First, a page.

'Djoker' gets serious and finds new focus on surface that suits

Serb has added steel and consistency to his game that will test Murray to the limit in tomorrow's final
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The Independent Online

Americans call him "the Djoker". While some of his rivals have not always appreciated Novak Djokovic's brilliant impersonations of his fellow players – it is said that Roger Federer does not see the funny side – the US Open crowd love the 23-year-old Serb.

His outgoing personality appeals to the New York public and at most socials he is the life and soul of the party.

For a while there seemed to be a danger that the world No 3 would be celebrated more for his party pieces than for his tennis. Although he reached his first Grand Slam final at the 2007 US Open and won his first major title four months later here, he appeared to have reached a plateau. He still won his fair share of lesser tournaments, but when it came to the Grand Slam events he kept falling short.

That changed at last year's US Open, where Djokovic won a titanic battle against Roger Federer before losing to Rafael Nadal in the final. He maintained that form through to the end of the year, leading his beloved Serbia to a historic victory in the Davis Cup. Past problems with his breathing and stamina appear to have been largely overcome.

How does the Djokovic of 2011 think he compares with the 2008 vintage? "I'm three years older and I'm a more experienced player on the court and physically stronger," he said. "I was a 20-year-old kid hitting as hard as he could with closed eyes and everything was going in back then. It was great.

"Then, over the years, I faced some situations that I never faced before, like the pressure of defending a Grand Slam title. You grow up. You get this knowledge and the necessary experience.

"I had my ups and downs throughout these two or three years, but right now I feel like I'm much stronger and more consistent and I know that I'm more stable, mentally and physically."

Djokovic has won four of his 18 titles on clay, but his other successes have all been on hard courts, which suit his style as a hard-hitting baseliner. While clay is a better surface for players who hit the ball with more topspin, Djokovic's flatter strokes, hit lower over the net, are more effective on courts where the ball accelerates quickly off the surface.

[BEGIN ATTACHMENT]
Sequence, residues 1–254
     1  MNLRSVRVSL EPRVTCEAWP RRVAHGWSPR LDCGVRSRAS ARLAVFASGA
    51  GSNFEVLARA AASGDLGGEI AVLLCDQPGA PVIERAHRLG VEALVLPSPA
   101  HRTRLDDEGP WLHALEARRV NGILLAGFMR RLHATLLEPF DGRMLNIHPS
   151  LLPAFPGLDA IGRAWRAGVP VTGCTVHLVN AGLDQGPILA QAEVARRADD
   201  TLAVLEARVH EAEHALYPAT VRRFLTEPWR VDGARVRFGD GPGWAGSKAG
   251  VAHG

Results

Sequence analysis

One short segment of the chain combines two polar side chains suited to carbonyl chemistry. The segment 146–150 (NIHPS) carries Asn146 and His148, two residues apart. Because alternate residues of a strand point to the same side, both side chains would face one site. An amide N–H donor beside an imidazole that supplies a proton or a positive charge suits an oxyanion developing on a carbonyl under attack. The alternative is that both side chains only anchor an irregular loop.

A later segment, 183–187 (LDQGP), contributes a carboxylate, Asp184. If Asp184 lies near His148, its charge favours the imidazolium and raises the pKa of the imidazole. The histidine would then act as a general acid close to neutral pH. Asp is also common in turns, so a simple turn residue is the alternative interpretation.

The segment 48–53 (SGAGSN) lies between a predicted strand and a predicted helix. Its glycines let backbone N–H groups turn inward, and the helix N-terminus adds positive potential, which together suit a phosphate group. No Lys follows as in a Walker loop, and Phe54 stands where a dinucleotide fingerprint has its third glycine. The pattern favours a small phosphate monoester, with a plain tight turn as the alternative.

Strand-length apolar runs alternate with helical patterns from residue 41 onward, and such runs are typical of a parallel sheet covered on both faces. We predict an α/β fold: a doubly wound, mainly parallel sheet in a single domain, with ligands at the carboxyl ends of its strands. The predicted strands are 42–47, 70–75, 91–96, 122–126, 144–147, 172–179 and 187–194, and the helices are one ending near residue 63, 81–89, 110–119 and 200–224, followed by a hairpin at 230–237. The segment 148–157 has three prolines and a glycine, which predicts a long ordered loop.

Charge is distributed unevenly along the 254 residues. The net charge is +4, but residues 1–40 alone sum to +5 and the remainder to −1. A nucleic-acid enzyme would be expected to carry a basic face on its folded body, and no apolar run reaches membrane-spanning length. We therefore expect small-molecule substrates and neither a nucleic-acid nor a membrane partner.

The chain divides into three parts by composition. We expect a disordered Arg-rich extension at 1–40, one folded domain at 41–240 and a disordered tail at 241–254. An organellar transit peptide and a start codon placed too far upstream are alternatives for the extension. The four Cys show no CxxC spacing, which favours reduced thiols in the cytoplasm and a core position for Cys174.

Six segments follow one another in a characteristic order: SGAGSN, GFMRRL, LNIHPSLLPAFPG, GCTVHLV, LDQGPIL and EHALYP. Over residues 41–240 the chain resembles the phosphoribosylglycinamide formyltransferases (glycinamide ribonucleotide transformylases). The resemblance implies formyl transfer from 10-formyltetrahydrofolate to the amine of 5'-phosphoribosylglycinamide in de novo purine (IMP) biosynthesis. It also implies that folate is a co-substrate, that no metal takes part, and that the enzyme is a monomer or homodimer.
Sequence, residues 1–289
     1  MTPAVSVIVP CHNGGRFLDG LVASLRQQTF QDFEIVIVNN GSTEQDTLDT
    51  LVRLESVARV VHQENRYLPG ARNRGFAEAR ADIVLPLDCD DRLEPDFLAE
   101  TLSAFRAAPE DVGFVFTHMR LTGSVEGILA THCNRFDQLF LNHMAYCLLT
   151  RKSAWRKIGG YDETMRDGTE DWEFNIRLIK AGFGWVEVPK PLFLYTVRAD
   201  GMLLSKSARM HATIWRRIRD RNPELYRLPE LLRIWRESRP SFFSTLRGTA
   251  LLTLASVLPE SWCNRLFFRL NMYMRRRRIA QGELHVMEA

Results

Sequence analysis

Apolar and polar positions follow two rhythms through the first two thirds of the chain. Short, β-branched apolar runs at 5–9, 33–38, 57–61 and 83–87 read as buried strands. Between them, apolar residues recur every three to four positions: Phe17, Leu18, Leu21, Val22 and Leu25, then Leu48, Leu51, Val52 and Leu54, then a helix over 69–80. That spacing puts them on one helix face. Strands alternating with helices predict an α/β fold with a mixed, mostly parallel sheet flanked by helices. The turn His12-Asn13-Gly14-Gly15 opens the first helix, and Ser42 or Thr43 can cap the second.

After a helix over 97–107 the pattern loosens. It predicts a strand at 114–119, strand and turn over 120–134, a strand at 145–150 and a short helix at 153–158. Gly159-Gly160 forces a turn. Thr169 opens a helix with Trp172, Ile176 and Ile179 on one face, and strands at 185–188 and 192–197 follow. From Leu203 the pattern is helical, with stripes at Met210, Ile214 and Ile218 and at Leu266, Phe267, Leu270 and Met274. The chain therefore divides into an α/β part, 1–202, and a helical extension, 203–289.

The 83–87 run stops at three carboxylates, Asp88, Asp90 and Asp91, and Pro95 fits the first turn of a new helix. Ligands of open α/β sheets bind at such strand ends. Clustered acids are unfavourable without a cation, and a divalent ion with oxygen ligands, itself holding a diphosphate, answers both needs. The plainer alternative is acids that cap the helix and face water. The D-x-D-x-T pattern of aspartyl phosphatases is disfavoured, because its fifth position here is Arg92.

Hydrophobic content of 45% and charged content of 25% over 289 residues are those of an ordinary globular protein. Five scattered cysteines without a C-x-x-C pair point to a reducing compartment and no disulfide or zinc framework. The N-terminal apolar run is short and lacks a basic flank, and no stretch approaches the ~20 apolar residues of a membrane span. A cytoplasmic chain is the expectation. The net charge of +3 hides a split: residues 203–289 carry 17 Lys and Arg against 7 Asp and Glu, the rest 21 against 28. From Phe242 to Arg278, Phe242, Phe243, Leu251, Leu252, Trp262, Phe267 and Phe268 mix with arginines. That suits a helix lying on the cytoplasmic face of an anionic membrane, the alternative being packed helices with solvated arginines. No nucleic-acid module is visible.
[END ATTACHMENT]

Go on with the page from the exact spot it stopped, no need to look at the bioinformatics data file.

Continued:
"I like this surface," Djokovic said of the courts here at Melbourne Park. "The conditions are very suitable to my game. It's a bit slower and gives me enough time to have a couple of options in what I want to do with the ball. I can spin it out, flatten it out. I need a little bit more time for my game, and the slower surfaces are more suited to my style. This is a great court. I like playing on it."

Djokovic comes from a family of skiers, but from an early age his talent for tennis was clear. He left his Belgrade home at the age of 12 to train at Niki Pilic's academy in Munich. He now lives in Monte Carlo, but remains a fiercely patriotic Serb.

Tale of the tape: Djokovic / Murray


Djokovic: Belgrade, Serbia, 22 May 1987

Murray: Dunblane, Scotland, 15 May 1987


Djokovic: Monte Carlo

Murray: Surrey


Djokovic: 6ft 2in

Murray: 6ft 3in


Djokovic: 12st 8lb

Murray: 13st 3lb


Djokovic: Marian Vajda

Murray: Alex Corretja

World Ranking

Djokovic: 3

Murray: 5

Turned Professional

Djokovic: 2003

Murray: 2005

Career Earnings

Djokovic: $20,262,956 (£12.8m)

Murray: $13,967,298 (£8.8m)

Grand Slam Best

Djokovic: Won Australian Open 2008

Murray: Runner-up US Open 2008, Australian Open 2010


Djokovic: 18

Murray: 16


Djokovic leads 4-3

2006 Madrid (hard) Djokovic won 1-6, 7-5, 6-3

2007 Indian Wells (hard) Djokovic won 6-2, 6-3

2007 Miami (hard) Djokovic won 6-1, 6-0

2008 Monte Carlo (clay) Djokovic won 6-0, 6-4

2008 Toronto (hard) Murray won 6-3, 7-6

2008 Cincinnati (hard) Murray won 7-6, 7-6

2009 Miami (hard) Murray won 6-2, 7-5